How Long Can Debts Be Chased?
If you’re facing financial difficulties, you might be asking the important question: ‘How long can you legally be chased for a debt?’
Unsecured debts typically have a statute limitation of six years, after which the debt becomes unenforceable. However, it’s not quite as simple as waiting six years for your debt to expire, because your creditors can chase you for payments and even take you to court over missed repayments within this limitation period.
If you’re wondering for how long can a debt be chased in the UK, we’re here to explain everything you need to know about debt collection.
Do Debt Collectors Ever Give Up?
There’s no doubt that debt collectors have a serious reputation for robustness. Typically, almost all types of debt can be claimed by the creditor or by a thorough debt collection agency for as long as the debt is remembered. Legally, debts don’t expire, and creditors can continue chasing you for years after you made a credit agreement.
This means that if you ignore demands for repayment from your creditors, they could send in the debt collectors to reclaim the debt or take out a county court judgment (CCJ) against you. Neither of these scenarios is particularly pleasant or positive for your financial or mental wellbeing, so it’s important to know exactly where you stand if you’re struggling to pay bills.
While debts can technically be claimed anytime in the future, debt collection in the UK is controlled by the ‘statute of limitations’. This means that after six years, unsecured debts can become known as ‘statute barred’, which means they can be written off and you can no longer be chased by debt collectors.
However, it’s not quite as easy as just waiting six years for a debt to expire. For a debt to become statute barred, it effectively has to be forgotten about. If your creditors chase you for payment through the courts at any point before the six years are up, then the time period starts all over again.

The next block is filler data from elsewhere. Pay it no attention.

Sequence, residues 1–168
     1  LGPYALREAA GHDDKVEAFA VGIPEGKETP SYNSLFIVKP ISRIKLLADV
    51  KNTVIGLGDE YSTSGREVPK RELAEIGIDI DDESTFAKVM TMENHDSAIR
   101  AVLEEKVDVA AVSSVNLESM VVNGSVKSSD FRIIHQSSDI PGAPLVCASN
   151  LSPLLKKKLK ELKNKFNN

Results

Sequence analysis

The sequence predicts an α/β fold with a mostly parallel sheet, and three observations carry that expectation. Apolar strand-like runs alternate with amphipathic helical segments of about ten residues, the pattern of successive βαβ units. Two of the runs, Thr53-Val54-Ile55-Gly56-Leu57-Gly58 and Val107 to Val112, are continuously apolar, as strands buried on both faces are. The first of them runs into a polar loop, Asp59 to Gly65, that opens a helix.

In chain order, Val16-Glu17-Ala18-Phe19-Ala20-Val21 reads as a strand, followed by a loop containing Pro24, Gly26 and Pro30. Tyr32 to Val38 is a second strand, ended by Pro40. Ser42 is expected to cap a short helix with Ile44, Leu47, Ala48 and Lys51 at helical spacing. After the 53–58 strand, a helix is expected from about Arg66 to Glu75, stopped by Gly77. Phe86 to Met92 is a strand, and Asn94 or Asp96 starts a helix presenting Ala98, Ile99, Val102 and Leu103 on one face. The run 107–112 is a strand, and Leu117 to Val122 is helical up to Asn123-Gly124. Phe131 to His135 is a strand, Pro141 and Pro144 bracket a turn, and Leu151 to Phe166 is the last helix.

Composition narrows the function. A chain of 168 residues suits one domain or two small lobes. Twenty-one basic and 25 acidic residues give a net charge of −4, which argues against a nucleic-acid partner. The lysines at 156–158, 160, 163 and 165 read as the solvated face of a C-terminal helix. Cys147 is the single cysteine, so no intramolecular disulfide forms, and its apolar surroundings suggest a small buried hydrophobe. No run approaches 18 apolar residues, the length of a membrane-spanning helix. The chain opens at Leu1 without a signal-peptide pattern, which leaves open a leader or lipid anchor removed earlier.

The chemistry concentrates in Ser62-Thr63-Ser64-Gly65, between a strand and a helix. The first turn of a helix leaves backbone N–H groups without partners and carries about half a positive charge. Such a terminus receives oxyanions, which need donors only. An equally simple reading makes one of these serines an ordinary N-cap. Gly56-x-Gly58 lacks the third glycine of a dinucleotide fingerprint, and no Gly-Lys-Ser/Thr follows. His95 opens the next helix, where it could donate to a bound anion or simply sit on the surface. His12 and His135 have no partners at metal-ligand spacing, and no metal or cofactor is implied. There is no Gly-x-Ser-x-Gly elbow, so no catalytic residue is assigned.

How Long Can a Debt Be Chased in the UK?
So, for how long can a debt be chased in the UK? As we’ve seen, the answer isn’t exactly simple. The statute of limitations, as defined by the Limitation Act 1980, also has different limitations for different types of debt.
Unsecured debts are considered to have a shelf life of six years, while secured debts have a longer limitation period of 12 years. In practical terms, this means that for unsecured debts like credit card loans, utility bills, bank loans and payday loans, you need to wait at least six years before the debt collectors can stop chasing you. For secured debts, including mortgages, the bank or creditor has 12 years to chase you for payment.
As we’ve already noted, it’s important to be aware that both secured and unsecured debts can be chased indefinitely. Once again, the statute of limitations only applies if the creditor hasn’t chased you for six or 12 years. Legally, the Citizens Advice Bureau defines this as ‘taking action against you’, which means the creditor has served notice that they’re taking you to court, rather than just asking for repayments.
In short, if you’re wondering if you should just stop making payments, this is not a good idea, because the statute of limitations only comes into force when a creditor hasn’t taken action against you to chase your debtor. If you were to decide to just stop paying, then the creditor is very likely to continue demanding payment through correspondence, such as emails, letters or phone calls.
If you fail to respond, your debt is likely to be passed over to a professional debt collection agency, which makes its money by chasing debts. If you ignore the debt collection agency, they could attempt to send bailiffs to your property in order to secure payment through other means, such as selling your assets.